The bomb? The plague? Trump? Not to worry; things are getting better. So writes eternal optimist Pinker (Psychology/Harvard Univ.; The Better Angels of Our Nature: Why Violence Has Declined, 2011, etc.).
“Why should I live?” So asked one of the author’s students. “Explaining the meaning of life is not the usual job description of a professor of cognitive science,” he writes—before gamely proceeding to answer that very question from a variety of stances, all resting on the assumption that life is best endowed with meaning if only we remember our Enlightenment ideals. Those ideals, “products of human reason,” hinge on—well, reason, and science, the latter the “refining of reason to understand the world.” Against these are what Pinker characterizes as manifestations of delusional thinking, including religious faith and the “hermeneutic parsing of sacred texts,” the “suffocating political correctness” on campus, the “disaster of postmodernism” that has devastated humanistic thought, and the “identity-protective cognition” that has made political discourse so soul-killing. Pinker’s protestations are progressive, though the academically orthodox will find him an apostate. Just so, his atheism may put him in company with Christopher Hitchens and Sam Harris, but he would doubtless say that it’s the only logical conclusion to come to, and Pascal’s wager be damned. In a long, overstuffed, impeccably written text full of interesting tidbits from neuroscience and other disciplines, the author examines the many ways in which Enlightenment ideals have given us lives that our forebears would envy even if gloominess and pessimism are the order of the day—on which he sensibly remarks, “a modicum of anxiety may be the price we pay for the uncertainty of freedom.” There’s work to be done, of course, from educating the illiterate and innumerate to taking the world’s nuclear arsenal down to, ideally, zero, and much else besides.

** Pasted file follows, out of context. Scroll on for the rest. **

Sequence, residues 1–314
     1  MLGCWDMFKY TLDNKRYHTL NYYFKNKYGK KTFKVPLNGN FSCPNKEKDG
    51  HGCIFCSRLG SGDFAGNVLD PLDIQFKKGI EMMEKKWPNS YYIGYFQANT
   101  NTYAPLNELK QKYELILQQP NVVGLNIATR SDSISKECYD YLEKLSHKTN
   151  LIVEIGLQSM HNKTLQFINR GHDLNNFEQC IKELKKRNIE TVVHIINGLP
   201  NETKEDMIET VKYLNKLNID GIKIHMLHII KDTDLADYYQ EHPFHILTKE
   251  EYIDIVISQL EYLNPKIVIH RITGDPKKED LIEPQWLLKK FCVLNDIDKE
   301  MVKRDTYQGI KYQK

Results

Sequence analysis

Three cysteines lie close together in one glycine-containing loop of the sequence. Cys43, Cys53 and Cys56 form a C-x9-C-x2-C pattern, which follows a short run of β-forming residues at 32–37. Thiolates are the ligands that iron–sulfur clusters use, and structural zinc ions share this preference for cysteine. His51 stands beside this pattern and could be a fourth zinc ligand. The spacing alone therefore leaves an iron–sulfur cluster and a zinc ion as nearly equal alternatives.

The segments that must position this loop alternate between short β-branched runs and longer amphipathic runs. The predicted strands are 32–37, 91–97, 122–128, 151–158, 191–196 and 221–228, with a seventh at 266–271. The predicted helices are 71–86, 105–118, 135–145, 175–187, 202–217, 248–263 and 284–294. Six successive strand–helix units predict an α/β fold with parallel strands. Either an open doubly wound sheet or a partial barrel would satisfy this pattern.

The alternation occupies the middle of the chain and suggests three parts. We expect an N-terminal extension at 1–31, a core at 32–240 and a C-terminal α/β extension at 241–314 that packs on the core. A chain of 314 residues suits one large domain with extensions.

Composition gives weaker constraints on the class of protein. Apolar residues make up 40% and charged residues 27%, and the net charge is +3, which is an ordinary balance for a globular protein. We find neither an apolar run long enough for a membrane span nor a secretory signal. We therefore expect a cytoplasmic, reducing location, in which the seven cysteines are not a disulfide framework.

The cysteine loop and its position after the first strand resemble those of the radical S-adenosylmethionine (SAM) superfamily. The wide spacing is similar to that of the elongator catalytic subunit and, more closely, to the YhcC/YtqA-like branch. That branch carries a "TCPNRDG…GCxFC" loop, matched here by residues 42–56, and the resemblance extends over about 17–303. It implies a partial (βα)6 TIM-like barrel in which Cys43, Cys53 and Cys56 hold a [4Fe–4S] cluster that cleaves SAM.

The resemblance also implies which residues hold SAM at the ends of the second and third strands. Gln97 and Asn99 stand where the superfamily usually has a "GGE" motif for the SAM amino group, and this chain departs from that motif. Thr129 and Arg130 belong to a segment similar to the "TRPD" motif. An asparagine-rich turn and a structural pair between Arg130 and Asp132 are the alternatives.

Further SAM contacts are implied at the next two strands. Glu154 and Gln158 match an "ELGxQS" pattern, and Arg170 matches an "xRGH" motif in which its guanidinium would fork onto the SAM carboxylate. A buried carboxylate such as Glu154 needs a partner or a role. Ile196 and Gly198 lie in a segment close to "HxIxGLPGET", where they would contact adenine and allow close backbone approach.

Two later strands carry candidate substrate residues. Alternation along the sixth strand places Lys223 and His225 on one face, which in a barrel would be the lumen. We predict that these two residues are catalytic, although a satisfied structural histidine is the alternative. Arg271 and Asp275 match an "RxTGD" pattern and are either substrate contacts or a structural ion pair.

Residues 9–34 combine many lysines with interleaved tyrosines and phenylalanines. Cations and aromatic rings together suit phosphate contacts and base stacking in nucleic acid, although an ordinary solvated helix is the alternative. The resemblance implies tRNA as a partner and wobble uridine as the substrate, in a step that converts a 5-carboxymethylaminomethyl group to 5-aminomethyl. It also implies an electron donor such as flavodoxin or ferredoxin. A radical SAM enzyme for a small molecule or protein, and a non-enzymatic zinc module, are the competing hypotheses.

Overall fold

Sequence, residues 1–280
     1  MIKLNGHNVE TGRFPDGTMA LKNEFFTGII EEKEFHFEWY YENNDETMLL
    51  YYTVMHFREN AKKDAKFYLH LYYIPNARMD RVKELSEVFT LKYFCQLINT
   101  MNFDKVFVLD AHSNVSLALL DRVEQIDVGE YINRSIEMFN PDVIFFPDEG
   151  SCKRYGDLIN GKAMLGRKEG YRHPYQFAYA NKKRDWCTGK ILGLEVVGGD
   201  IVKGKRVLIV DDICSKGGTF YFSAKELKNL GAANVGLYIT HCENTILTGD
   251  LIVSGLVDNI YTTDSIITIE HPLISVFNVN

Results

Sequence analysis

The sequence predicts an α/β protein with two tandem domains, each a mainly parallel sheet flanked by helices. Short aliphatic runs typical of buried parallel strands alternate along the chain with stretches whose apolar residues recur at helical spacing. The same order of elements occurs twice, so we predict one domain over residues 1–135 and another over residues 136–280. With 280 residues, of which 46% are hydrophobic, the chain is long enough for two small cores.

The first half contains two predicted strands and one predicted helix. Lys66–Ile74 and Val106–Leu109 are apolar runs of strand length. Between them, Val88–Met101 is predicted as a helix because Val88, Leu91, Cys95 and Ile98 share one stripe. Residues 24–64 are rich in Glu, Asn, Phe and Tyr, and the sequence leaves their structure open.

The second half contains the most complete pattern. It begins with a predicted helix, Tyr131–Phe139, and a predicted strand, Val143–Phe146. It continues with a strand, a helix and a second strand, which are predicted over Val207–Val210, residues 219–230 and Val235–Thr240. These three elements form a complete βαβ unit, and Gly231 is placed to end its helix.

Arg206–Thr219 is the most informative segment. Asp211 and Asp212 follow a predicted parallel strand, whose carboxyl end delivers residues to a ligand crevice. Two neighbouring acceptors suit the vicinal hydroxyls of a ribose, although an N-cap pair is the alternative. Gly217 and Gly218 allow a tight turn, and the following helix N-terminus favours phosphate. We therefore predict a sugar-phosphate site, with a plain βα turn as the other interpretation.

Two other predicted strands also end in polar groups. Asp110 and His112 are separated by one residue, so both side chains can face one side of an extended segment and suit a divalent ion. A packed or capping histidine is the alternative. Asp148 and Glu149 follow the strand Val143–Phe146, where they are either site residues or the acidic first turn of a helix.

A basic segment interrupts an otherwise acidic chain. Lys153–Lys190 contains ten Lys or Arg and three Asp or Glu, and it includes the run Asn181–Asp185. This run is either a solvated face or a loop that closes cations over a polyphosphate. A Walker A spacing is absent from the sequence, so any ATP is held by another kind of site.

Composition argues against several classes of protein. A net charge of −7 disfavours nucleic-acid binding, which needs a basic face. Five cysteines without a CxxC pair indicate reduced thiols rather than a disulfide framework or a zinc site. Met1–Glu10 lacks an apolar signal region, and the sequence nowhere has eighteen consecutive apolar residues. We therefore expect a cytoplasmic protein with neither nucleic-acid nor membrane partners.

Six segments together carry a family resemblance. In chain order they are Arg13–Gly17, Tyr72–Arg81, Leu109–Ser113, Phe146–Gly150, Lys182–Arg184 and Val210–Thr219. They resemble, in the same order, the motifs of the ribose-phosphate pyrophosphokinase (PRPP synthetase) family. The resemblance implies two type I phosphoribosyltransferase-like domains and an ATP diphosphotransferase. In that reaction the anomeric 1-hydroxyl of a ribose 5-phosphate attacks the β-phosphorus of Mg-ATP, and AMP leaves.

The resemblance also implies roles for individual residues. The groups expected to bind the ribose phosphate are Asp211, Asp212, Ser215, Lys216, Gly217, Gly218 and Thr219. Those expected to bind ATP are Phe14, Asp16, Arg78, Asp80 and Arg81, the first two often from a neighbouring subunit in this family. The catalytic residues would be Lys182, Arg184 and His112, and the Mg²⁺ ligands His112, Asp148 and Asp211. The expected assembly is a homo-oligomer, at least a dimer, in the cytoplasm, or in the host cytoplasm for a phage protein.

For those inclined to believe that the end is not nigh and who would like to keep up with recent science, this book is a…well, not a godsend, but a gift all the same.